Other frescos have fared better, as in decorations in the salon of the Medici country retreat at Poggio a Caiano, in Tuscany. Pontormo represented Vertumnus (god of the seasons and growth) and Pomona (goddess of fruitful abundance) from Ovid’s Metamorphoses on a lunette, a half-moon-shaped arch (above).
This is another fine example of how Pontormo skillfully fills a fresco space. His detailing is very special, especially the masterly composition of the left-hand figures. A naked youth reaches up for a branch, whilst a clothed youth looks up at him creating an invisible diagonal. In between the naked youth’s legs stands a hound, facing us, the viewer. The depth of field and perspective are exceptional. Outside this construction of the triangle is a smaller boy (I suspect Pontormo, like many creative artists, always saw himself as an outsider) yet this small child echoes the body stance of the naked youth.
Pause further to really study the naked youth and we are almost looking at perfection: anatomically flawless, slim, long-limbed with a beautiful head tilted upwards, much in the manner of figures found in Michaelangelo’s and Raphael’s work. And note how the toes are curled in the tension caused by leaning sideways. And, I am going to mention the unmentionable: his penis! (there I have said it).
This is not a miniatured ascetic penis that so many of Pontormo’s contemporaries would apologize for. This is life-size, hanging down to the right, in opposition to the rest of the body’s movement. And there is even the suggestion of pubic hair. This is brave and even exceptional for the age since Pontormo’s contemporaries generally portrayed the male member as either so tiny that a magnifying glass is required or seen delicately masked by a wispy cloth to save our blushes.
It could be argued that Pontormo’s skill is in the detail rather than the whole. Take his Noli Me Tangere (after Michelangelo) from 1532 (above).
The work is based on a cartoon by Michelangelo from 1531, now lost, representing Christ appearing to Mary Magdalene in the garden. Yet look at the background of Christ and Magdalene and you have a delightful and perfectly executed landscape at least a century before landscape became a recognized genre. And this is not a fantasy landscape as someone such as Pieter Breughel the Elder would indulge in. This is a recognizable scene that could be found in the sun-baked lands of Southern Italy today.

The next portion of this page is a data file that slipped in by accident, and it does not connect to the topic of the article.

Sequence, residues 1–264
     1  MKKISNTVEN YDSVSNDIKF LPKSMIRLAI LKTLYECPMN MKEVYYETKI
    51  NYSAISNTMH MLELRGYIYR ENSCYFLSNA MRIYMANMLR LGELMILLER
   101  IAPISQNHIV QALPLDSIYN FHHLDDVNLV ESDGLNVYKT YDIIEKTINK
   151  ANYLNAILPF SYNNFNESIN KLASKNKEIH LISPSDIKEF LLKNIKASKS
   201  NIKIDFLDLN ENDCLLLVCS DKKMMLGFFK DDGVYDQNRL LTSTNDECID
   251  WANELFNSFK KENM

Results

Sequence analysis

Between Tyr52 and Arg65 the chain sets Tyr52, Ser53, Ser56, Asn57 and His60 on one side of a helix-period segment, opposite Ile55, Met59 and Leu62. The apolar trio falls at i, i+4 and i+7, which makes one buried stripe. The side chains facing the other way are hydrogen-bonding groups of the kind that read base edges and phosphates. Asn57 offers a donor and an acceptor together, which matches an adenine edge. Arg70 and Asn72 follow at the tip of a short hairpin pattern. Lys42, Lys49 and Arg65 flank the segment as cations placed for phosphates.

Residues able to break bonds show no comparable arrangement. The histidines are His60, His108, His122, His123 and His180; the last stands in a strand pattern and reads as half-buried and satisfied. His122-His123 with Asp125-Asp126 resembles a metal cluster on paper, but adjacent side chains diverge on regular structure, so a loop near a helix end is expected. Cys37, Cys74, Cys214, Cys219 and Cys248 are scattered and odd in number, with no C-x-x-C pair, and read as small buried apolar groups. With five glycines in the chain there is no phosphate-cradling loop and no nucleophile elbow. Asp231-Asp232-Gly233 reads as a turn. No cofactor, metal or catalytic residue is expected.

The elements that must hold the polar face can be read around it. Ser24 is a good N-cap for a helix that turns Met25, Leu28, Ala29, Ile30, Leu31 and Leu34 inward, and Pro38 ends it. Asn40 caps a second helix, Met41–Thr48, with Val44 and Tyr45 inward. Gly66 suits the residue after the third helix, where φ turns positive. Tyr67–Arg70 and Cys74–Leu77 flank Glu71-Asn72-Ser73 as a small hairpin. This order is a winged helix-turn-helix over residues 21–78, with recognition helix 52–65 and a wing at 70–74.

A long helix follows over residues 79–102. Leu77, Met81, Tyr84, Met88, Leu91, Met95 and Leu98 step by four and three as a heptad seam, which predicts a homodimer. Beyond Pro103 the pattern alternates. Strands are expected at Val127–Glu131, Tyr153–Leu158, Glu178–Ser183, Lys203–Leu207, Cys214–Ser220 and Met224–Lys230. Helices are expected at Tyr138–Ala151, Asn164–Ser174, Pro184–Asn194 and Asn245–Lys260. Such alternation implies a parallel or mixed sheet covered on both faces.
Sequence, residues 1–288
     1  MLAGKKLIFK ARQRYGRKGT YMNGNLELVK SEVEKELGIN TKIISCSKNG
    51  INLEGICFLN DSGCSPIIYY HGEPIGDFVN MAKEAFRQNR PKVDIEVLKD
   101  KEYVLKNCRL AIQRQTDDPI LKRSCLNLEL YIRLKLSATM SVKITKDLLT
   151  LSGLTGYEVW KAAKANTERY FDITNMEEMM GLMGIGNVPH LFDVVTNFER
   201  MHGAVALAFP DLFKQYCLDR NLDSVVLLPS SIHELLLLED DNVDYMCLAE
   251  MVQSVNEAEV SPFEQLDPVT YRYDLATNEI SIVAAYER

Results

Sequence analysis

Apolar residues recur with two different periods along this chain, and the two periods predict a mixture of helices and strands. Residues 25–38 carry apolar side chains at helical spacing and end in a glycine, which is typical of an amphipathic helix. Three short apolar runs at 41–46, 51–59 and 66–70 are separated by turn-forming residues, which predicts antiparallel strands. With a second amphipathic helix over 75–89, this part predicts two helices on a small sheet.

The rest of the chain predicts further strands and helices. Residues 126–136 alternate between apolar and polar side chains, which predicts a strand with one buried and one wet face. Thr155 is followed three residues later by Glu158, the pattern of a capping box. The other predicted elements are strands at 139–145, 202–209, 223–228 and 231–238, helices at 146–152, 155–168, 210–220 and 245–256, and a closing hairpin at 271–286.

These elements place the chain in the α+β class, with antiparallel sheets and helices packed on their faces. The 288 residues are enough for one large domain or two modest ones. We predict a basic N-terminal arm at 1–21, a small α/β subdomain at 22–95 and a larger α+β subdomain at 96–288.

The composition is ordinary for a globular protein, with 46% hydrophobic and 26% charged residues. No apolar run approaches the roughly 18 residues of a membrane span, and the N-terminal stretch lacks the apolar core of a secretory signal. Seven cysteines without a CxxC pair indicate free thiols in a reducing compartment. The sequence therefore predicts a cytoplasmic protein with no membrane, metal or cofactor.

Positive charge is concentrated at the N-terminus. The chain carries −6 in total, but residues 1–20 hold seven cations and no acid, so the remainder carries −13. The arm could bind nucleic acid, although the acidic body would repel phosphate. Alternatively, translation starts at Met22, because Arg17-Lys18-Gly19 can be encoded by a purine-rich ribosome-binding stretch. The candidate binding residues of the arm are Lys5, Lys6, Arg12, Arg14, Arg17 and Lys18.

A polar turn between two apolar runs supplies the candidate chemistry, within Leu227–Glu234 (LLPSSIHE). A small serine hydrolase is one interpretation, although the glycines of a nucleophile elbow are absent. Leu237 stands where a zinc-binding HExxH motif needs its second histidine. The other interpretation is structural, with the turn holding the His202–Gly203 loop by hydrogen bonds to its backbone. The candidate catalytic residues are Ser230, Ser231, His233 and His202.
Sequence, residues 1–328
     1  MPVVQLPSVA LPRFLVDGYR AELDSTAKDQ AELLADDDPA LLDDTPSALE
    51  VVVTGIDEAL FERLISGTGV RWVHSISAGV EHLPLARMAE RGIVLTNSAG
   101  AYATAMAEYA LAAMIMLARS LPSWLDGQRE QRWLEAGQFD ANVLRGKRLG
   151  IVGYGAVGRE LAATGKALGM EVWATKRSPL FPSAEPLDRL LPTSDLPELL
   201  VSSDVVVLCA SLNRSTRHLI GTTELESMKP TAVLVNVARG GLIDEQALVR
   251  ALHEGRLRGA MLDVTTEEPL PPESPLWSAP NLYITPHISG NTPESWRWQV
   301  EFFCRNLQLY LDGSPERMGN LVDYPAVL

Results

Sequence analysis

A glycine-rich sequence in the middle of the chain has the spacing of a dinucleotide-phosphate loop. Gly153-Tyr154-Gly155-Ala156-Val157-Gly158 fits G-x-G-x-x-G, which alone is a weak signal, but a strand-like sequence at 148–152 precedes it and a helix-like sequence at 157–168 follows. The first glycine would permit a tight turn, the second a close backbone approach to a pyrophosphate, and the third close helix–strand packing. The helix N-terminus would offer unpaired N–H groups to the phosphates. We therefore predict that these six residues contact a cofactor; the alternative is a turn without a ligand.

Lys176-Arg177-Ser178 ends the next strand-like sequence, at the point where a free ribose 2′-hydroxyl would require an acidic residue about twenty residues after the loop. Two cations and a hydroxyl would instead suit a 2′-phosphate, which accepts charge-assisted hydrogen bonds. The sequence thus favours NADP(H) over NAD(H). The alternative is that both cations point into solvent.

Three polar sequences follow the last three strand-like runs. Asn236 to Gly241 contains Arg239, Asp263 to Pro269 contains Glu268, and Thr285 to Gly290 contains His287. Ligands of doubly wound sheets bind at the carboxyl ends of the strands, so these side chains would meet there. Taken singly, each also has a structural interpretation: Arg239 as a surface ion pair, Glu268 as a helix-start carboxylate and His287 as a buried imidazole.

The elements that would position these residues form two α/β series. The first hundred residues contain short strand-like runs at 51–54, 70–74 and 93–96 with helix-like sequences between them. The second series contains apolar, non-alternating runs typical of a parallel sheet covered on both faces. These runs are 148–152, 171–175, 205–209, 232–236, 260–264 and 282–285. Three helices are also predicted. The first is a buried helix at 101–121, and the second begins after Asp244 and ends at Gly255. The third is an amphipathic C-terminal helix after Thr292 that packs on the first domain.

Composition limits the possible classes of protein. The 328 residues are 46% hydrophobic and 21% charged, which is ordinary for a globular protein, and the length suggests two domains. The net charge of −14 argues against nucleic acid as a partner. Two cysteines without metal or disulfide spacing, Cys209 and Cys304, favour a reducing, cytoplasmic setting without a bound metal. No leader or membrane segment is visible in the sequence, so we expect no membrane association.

The bold and radical was very much in keeping with the late Renaissance style Pontormo promoted. This new style, known as Mannerism, was a reaction against (or development from) the harmony, proportion, and naturalism of high Renaissance art.
Pontormo was obsessed with style, technique, and composition. He worked with bright colors; a disconcertingly unnatural approach to space; slightly elongated or altered figures and spiraling compositions. The Visitation is a fabulous example of this, shown above. The feet barely fit the painting’s borders. Blue, pink, green, and orange fabrics billow. The puzzling perspective shows us two tiny and mysterious figures in the background. The composition of four figures in a rhombus shape echoes Albrecht Dürer’s 1497 Four Witches. A preparatory drawing still exists, illustrating that he was meticulous in his preparation.
Joseph at the National Gallery
As well as portraiture, Pontormo created some handsome and large religious and secular history works to be proud of. If you are in the UK, head to the National Gallery where you can see six works representing Scenes from the Story of Joseph.
In fact, one of Pontormo’s most popular works is from this series: Joseph with Jacob in Egypt (above). This is an episodic work, told in chapters, as was common practice in an early Renaissance painting, ending with Jacob’s deathbed (top right-hand corner). Aesthetically this seems a rather crowded and chaotic work that seems almost surreal.
Early Life and Lost Works
Pontormo was orphaned at an early age, and perhaps the loneliness of childhood made him inward-looking and reflective. It seems he was never very comfortable in his world, he was a loner, and prone to neuroses and obsessions. He kept a diary from 1554 till his death, where he cataloged his diet, illnesses, and feelings. Even his death had a socially jarring note to it as he died on New Year’s Eve 1556, aged 63. Several unfinished works were completed by other artists and a significant number have been lost forever.
The vagaries of public opinion and taste, the loss of key works, his idiosyncratic personality, sharing a stage with some of the most influential painters in the world whilst pioneering a radical shift in style – all of these have affected the position of Pontormo in the pantheon of Renaissance painters. But the few works that remain are dazzlingly luminescent, and we advise you to make a point of seeking out a perfect Pontormo.